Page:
Secondly, though the lab may have a centrifuge, an immersion circulator, a vacuum-packer, a refractometer, and real deal pyrex beakers, alas it has no pastry cutter. So I used a whisk. It took a little bit more effort and some de-buttering but in the end I got my pea-sized pieces.
Since we were cooking at Jacquie’s apartment I made the crust and left it in a ball, to roll out there. As for the filling, well, I wanted to do that from scratch too. Fillings from scratch might be labour-intensive, but I care what no one says, they’re worth it. It’s the work that makes them taste so good.
So: a huge whole pumpkin, halved, gutted, and baked til soft. Skinned, blended, and reduced on the stove. That’s what takes the time – too low and it takes years, too high and it bubbles and explodes. I began reducing it the night before, stirring to music, drinking tea. René came by during service; we ate the roasted seeds.
The next night, at Jacquie’s, I put the filling on the stove to continue the flavour- texture concentration. True to her South Indian roots, she takes spices – the good stuff – with her wherever she travels. We grated cinnamon, added dried ginger and pounded cardamom, toasted cloves and nutmeg. Some butter and a bit of brown sugar.
Meanwhile, I rolled out the dough.
Not perfect, not bad. The dish was quite deep but we managed.
In went the filling and into the 200˚c oven to bake.
Dinner continued, all of us piled in Jacquie’s living room. Many great conversations. Bodies slid further into repose as the night went on.
After an hour or so:
So, somehow it turned out. At least, it looked ok. The edges were a little too brown but other than that.
My biggest, most grave mistake, was cutting and serving while it was still warm. I KNOW, why would you ever do that. I know. But I was caught up in the moment, the time was ripe for dessert, Anne was garnishing her cake. I didn’t think and then it went to shit.
For a pie to be good, it has to cool fully. It has to set, the filling has to come together, the flavours have to sit and meld. It needs time to find itself. You cannot rush it into self-awareness.
A still-hot pie is a bland pie, and this I found out the hard way.
Our plates looked nice though. We whipped some cream with vanilla bean and folded in some skyr (icelandic yoghurt, likely my favourite cultured dairy product) for the chocolate cake, and some straight whipped cream for the pie.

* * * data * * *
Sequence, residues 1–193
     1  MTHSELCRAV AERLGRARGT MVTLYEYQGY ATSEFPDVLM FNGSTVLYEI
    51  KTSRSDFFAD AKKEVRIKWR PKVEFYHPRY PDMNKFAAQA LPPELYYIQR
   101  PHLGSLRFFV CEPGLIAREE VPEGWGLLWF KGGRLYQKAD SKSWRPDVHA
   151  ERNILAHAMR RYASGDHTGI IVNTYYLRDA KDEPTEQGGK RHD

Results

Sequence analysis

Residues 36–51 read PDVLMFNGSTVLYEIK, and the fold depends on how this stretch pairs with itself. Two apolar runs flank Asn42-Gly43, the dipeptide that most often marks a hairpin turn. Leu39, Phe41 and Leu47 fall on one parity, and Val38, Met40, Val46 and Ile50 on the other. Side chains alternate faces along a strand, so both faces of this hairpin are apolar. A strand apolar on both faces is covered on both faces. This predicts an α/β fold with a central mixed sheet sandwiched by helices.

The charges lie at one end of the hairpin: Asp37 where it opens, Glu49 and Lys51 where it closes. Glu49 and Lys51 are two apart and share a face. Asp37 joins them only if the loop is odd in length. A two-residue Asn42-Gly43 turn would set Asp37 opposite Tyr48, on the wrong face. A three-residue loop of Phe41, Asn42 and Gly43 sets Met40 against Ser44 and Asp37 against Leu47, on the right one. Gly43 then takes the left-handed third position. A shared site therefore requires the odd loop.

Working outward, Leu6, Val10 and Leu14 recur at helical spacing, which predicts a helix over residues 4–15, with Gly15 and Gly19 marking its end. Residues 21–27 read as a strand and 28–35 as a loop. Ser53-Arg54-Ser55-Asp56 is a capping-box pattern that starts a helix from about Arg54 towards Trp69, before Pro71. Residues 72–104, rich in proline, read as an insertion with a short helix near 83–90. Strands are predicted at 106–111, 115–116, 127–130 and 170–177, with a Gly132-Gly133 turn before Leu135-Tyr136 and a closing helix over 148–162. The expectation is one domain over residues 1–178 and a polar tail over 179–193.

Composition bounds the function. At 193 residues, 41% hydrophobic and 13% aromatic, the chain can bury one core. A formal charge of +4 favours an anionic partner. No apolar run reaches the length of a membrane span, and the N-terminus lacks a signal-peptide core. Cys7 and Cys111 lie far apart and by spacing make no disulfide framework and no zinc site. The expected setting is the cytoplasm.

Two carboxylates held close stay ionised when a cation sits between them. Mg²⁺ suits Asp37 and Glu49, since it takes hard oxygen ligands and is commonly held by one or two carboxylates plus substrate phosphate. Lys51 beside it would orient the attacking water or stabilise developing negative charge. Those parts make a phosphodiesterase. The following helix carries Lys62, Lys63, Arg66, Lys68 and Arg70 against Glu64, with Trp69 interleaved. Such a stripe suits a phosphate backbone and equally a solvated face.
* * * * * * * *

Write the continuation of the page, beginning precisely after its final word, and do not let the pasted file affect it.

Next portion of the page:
Anne’s chocolate cake was fantastic. Rich, dense, and oh-so-chocolately. That girl is truly a talent. So putting them together on a plate didn’t help matters. Nor did the fact that I had spent the whole weekend looking forward to sharing pumpkin pie with a roomful of people, many of whom didn’t even know what it was, let alone how good it could be. I couldn’t contain my excitement throughout the night, which meant that after waxing lyrical to the uninitiated Danes about this curious Thanksgiving item, I was setting myself up for grand failure and everyone else for mushy, mediocre disappointment.
Well, at least it cut ok.
Nonetheless, the night ended with satisfied happy faces, fond farewells that lingered over the door, and a ride back to the boat with a much lighter load. The milk crate I’d strapped to the back of my bike to transport the goods was all but empty, save for some leftover sauerkraut, a few utensils extra plates, and the galette I’d made with the extra pastry and filling.
If the night had a saving grace, friends, this was it.
I thought little of it that night, but the next day the galette made a star appearance for staff lunch. The pastry was perfectly flaky, the filling flavourful, rich, and just sweet enough, and with a runny dollop of leftover vanilla-skyr-cream, I felt almost gratified, a sort of silent self-retribution.
I may have overcooked the crust on the pie, but here in the galette it stole the show. Thanks Dad, it was almost a taste of home.
Lisa will master the pie. She’s got what it takes. As for me, I think I’ll pursue galettes. Imperfection makes them only better.